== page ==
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The Academy's Dirty Little Secret

The National Research Council is in the process of revamping how they rate graduate programs. I posted the following comment following an article on this topic in Inside Higher Ed:

Great news for current and future graduate students

All graduate students should rejoice that ratings of doctoral programs will consider such data as “how students are treated and how they perform, including attrition rates and the time it takes students to complete their degrees.” As a dissertation coach, I get an earful from clients and from readers of my newsletter about mistreatment and neglect by advisors and committee. Poor advising inevitably results in poorer and slower performance by students. As a tenure coach, I hear plenty of the same stories — I have clients who can’t bear to face publishing their dissertation because it brings back memories of their advisor’s treatment of them. Some of the most hair-raising stories come from graduates of the most well-respected programs.
The only way for this situation to change is for the institutions to feel that there is a price to pay for poorly treated graduate students. They will then make sure that the individual departments provide 1) adequate oversight of the supervisory process and 2) programs to prepare the graduate students to perform optimally as they complete their dissertations, publish and find work.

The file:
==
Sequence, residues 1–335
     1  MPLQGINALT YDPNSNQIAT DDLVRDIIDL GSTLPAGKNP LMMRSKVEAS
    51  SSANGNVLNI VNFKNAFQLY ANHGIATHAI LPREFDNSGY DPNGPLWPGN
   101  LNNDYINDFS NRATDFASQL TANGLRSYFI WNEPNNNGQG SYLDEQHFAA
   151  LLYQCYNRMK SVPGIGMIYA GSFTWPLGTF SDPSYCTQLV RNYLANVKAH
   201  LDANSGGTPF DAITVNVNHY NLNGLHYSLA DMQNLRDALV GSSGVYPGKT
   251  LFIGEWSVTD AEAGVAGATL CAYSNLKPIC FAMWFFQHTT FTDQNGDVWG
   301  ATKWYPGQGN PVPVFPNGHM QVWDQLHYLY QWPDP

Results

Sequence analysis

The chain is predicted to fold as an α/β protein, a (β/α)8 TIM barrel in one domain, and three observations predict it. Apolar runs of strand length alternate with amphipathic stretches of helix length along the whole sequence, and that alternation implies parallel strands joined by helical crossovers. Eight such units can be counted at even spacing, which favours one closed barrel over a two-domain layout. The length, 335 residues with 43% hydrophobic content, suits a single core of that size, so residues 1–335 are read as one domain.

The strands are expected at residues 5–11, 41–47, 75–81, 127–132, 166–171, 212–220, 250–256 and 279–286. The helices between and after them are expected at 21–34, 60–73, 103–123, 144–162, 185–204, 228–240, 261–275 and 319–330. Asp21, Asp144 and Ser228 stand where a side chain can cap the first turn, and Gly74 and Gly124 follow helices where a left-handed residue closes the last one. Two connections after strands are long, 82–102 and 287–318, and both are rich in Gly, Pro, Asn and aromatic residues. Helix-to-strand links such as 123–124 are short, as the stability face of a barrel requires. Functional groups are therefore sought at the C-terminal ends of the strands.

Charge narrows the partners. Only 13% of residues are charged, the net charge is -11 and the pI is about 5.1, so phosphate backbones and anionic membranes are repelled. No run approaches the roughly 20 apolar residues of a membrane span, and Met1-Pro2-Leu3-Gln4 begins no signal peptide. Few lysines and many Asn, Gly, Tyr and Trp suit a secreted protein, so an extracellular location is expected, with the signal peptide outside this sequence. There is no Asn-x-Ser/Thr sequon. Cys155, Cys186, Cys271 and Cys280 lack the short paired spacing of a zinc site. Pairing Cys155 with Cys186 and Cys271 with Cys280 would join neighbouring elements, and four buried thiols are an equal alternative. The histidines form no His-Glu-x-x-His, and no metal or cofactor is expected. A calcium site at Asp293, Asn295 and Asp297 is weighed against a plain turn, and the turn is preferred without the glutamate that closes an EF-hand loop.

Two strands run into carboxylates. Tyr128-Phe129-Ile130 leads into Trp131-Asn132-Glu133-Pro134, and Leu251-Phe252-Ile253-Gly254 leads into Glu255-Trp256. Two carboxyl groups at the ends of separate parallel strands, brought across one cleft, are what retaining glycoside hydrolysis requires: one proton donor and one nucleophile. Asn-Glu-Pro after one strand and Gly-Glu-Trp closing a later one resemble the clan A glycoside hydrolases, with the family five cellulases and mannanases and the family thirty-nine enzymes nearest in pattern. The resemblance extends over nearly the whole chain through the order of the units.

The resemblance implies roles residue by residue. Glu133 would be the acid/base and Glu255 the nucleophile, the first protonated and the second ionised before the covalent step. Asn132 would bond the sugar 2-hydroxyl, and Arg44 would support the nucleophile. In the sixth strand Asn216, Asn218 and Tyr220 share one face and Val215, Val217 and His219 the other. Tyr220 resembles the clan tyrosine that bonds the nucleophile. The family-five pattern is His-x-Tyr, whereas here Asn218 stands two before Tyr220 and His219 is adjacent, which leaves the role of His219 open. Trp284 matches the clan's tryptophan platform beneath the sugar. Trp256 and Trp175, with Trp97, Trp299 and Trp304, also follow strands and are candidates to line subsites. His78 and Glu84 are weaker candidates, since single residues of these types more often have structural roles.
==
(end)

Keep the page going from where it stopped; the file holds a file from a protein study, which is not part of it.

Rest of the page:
If the institutions feel the pressure to oversee the departments in this regard, my hope is that professors will be rewarded, in terms of recognition, promotion, and tenure, for excellence in graduate student advising. The new NRC rating system should thus eventually lead to fewer miserable graduate students, and put me out of a job!

What particularly interested me was the following comment by “R.A.S.”:

Academia’s dirty little secret revealed

” .. mistreatment and neglect by advisors and committee.”
Hear, hear!
Students allow themselves to lured into Big Academia to support auditorium-sized classes — then get abused by poorly-planned graduate programs and senior academics avoiding their professional and personal responsibilities.
If the general public every finds out the facts — look out below! Other colleges could only benefit.

R.A.S.’s response got me thinking – it really is a dirty little secret. Way too many students are accepted into graduate students without being clearly told how small a chance they have of getting they’re longed-for jobs in academia. They are frequently left to languish in their programs with poor training for the research they are doing and inadequate advising. Then they are not given help in considering job alternatives.Who is going to do something about this situation? Let’s see if the new rankings will lead to some necessary changes. Otherwise those grad student tuitions will be too appealing to university administrations who only think of the bottom line.


  1. Anonymous6:37 AM

    I second this, as a matter of fact. back in my bachelor degree days I spoke with a teacher who just came out of a meeting about "what to do with the overwhelming new registrants".

    Back then, i was shocking to hear what their strategy was; 1. accept, 2. poor support and coordination, 3. wait-for-the dropouts. These type of academies can really damage a individualist self-worthiness, self-efficacy forever. It's a shame

    Tom from the Netherlands, Rotterdam

  2. Wow, Tom -- it's incredible to hear that someone would admit out loud such a strategy. It's as if they forget that these are human beings. They are abdicating their responsibilities as educators.


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